Kammer Klang, 2nd October 2018The main draw for the October opener is the British premiere of Matthew Shlomowitz’s ‘Lecture About Listening to Music’, 2017 performed by two members of Ensemble Nikel (pianist Antoine Françoise – this time on synthesizer – and saxophonist Patrick Stadler) and by singer Jessica Aszodi. A well-known interdisciplinary singer, Jessica has mastered an unusually wide vocal range: on this occasion, however, she’ll just be talking, delivering the lecture component as Antoine and Patrick traverse a range of musical ideas including unsettling atmospherics and repetition, quotes from 1980s mainstream pop and cerebrally playful and jazzy concepts.

Post-modernism aside, this is an upfront and accessible piece. It’s literally, a talk on how we, with our information-age sweep of unconscious and studied influences, access and process music in the present day (but with Matthew providing lengthy, sympathetic musical illustrations as well as the lecture text). Here’s an earlier performance: also featuring Antoine and Patrick, and with Matthew himself in the role of lecturer.


 
Kammer Klang’s programmer Lucy Railton will be performing ‘Harm’ by New York minimalist/microtonalist drone composer Phill Niblock; a 2003 drone piece sourced from cello. Here’s an earlier version, with the source tones performed by cellist Arne Deforce, to give you an idea…


 
The October Fresh Klang piece (performed by violinist and recent Goldsmiths music graduate Evie Hilyer-Ziegler) is Ryoko Akama’s ‘Reaction, for a string instrument’, composed this year. Ryoko’s pieces, sometimes released via text scores and conceived as much as performances as they are compositions, are attempts to create “listening situations that magnify silence, time and space… offer(ing) quiet temporal/spatial experiences.” A performer herself, she works with “tiny aural and visual occurrences that embody “almost nothing” aesthetics“: small items from which miniscule sounds can be coaxed and made microscopically purposeful. A peek at Ryoko’s homepage reveals delicate assemblages (everyday lab equipment, ancient pedal sewing machines, tin cans, glass bottles, kitchenware, paper balloons, woolen gloves) waiting to be played. As regards Evie’s violin interpretation, I reckon it’s fair to expect some very small, quiet violin playing: perhaps a fitful breath on the strings…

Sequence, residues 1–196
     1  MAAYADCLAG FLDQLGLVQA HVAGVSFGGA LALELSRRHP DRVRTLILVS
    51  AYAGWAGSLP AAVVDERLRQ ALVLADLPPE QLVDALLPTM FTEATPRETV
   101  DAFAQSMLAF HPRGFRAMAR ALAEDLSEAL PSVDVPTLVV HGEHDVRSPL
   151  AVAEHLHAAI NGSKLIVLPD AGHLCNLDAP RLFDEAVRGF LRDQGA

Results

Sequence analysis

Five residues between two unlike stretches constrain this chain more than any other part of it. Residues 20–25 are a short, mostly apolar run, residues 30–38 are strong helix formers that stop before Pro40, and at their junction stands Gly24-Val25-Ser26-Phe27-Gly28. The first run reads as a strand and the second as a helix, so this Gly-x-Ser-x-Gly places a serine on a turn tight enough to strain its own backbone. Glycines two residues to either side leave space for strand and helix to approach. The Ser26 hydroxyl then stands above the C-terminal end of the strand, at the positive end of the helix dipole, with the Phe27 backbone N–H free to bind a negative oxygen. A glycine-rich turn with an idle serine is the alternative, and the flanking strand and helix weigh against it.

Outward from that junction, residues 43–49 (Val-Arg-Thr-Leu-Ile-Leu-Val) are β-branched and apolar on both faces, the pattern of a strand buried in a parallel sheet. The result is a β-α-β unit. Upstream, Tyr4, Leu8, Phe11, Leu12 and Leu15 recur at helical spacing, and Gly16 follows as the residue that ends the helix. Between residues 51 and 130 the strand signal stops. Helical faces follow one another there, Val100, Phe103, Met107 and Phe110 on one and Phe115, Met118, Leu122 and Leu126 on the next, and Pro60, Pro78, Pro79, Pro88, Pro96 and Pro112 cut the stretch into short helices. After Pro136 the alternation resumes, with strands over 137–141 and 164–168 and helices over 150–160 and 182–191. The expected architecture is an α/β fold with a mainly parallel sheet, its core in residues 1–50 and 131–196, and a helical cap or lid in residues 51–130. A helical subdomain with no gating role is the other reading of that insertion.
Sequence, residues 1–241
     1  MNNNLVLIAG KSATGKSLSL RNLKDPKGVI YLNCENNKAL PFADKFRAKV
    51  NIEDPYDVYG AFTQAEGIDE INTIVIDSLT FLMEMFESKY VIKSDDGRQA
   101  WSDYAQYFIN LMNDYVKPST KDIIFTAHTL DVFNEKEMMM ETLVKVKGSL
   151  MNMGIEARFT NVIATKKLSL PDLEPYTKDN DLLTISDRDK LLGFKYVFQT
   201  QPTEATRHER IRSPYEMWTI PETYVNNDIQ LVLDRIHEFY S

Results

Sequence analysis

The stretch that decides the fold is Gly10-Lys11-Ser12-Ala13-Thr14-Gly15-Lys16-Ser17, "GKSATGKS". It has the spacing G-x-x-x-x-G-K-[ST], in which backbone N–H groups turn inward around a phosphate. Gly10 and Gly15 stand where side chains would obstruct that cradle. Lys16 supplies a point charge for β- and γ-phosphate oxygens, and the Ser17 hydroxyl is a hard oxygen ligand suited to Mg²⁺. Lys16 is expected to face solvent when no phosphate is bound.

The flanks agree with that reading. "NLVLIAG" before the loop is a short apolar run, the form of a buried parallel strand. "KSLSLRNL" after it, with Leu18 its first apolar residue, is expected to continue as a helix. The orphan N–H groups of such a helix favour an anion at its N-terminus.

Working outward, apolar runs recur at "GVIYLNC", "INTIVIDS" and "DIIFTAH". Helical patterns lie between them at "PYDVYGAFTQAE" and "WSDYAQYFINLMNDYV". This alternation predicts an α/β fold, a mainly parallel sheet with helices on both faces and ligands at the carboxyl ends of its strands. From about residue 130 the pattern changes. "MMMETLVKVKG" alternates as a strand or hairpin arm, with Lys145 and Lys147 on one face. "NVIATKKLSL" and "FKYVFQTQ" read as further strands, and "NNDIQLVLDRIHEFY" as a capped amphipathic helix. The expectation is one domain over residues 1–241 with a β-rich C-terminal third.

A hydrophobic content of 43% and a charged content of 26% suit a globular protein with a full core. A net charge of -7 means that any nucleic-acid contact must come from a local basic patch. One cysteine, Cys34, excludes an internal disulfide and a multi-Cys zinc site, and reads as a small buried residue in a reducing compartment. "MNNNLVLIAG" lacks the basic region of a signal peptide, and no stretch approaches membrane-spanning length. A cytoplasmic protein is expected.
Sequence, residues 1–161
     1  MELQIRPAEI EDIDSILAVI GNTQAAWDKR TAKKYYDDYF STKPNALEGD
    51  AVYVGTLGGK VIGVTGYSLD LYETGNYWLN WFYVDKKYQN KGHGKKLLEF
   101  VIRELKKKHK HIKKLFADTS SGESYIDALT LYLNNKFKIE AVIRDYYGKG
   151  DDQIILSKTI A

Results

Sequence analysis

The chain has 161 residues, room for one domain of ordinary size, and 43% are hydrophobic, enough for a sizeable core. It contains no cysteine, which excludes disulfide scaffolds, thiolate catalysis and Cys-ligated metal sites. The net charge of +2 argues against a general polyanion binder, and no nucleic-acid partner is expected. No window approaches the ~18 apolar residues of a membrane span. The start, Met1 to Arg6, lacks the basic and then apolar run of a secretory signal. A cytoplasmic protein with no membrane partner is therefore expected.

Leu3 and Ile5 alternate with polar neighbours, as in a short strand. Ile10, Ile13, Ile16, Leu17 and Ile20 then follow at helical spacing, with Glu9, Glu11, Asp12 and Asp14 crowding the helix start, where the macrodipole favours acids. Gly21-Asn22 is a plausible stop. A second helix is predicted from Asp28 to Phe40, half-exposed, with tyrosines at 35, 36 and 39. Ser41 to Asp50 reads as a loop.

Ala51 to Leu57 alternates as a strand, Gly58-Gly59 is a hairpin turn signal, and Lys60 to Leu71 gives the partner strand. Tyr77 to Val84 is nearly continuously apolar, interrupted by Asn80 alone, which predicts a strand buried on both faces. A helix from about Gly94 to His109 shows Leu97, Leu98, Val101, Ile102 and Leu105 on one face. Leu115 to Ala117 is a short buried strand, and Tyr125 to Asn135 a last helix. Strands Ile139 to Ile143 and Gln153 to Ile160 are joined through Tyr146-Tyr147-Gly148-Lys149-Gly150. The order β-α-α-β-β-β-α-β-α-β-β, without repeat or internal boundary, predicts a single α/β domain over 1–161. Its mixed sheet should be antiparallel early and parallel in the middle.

Kammer Klang presents:
Jessica Aszodi/Antoine Françoise/Patrick Stadler perform Matthew Shlomowitz / Lucy Railton performs Phill Niblock / Evie Hilyer-Ziegler performs Ryoko Akama
Café Oto, 18-22 Ashwin Street, Dalston, London, E8 3DL, England
Tuesday 2nd October 2018, 7.30pm
– information here, here and here
 

November 2016 – upcoming London classical gigs – The Riot Ensemble play Mark Simpson/Jack Sheen/Tigran Mansurian premieres plus Morton Feldman, Mark Bowden and Anna Meredith for ‘The Viola in my Life’ (21st); Clara Rodríguez & TangOpera Duo’s ‘Great Latin American Composers’ featuring Antonio Estévez and Alberto Ginastera, plus Villa-Lobos, Cervantes and Ruiz (24th)

20 Nov

A very quick note on two upcoming shows:

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The Riot Ensemble presents:
The Riot Ensemble: ‘The Viola in my Life’
The Forge, 3-7 Delancey Street, Camden Town, London, NW1 7NL, England
Monday 21st November 2016, 7.00pm